“The new ones?” he asks.
“I guess,” I grudgingly respond. Really, this is me? Really?
The pills have been sitting on the counter for a few days now. The need for a pneumonia vaccine and Zach’s cold have served as noble excuses for my not starting the treatment. Fear of mouth sores, fatigue and vomiting are the true culprits. Perhaps even a wee dram of denial that it has come to this – a third line therapy – so quickly. How can I dread something that is my next and one of only a few remaining hopes? I’ve lived through the side effects before, at least the most common ones. I know that my hair isn’t going to fall out today, if it falls out at all; that mouth sores won’t appear upon taking it. My mind plays tricks on me, actualized in my gut. I’m not sure looking at the box of pills is a risk factor for nausea, but that seems to be its impact.
The pills don’t look evil. They don’t even look powerful. They have none of the foreboding of the bags of infusion meds that used to hang from my IV pole, or the bright red-orange serum that was once pushed into my veins. Exemestane – white and smaller than a baby aspirin, it reflects darkly in my soul and I wish again there were a different path. It will, we hope, diminish the cancer’s food source: estrogen. The Pez-shaped everolimus is a new-ish breast cancer drug in a new-ish class of targeted therapies. It’s target, the mTor pathway: part of a complex signaling pathway that promotes the growth of cancer cells. If you inhibit mTor, you inhibit cell growth. Assuming the pathway is activated in me. We don’t have a biomarker, a blood test, to determine I’m the right candidate for this one. It’s a crapshoot. Lucky 7s….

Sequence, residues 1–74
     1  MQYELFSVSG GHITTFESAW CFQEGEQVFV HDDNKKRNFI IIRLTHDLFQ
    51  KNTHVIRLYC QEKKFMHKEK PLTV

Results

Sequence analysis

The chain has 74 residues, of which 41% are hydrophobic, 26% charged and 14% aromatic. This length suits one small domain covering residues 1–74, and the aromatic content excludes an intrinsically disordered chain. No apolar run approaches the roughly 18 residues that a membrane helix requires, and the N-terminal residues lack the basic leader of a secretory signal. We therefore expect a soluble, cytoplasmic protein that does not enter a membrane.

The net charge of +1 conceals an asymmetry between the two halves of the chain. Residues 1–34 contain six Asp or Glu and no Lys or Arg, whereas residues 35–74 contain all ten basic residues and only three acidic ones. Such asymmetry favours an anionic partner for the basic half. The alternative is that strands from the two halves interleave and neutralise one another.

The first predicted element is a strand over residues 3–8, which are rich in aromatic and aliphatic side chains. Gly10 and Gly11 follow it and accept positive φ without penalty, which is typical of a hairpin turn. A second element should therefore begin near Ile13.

With nowhere left to hide, I want to find the “take no prisoners” me, but she left a few days ago. I marvel that despite all the experience and knowledge I’ve amassed, it still comes to this, that fear and anxiety remain my steady companion. Slowly I bring the pills to my mouth, one by one, with a prayer leaning to the side of fear over hope. Prayers once came easily but not longer do. My stomach heaves. I pop a borrowed Ativan for good measure and wait for what comes next. My throat doesn’t close; I don’t begin to immediately feel exhausted, and like I did just about a dozen years ago, I wonder if I’ll have the stomach for comfort food come afternoon.
P.S. Have you ever read the tightly-folded packet insert that comes with medications? I’m quite certain that somewhere in there I read that the meds should be taken with Haagen-Dazs Sea Salt Caramel ice cream, and so I must….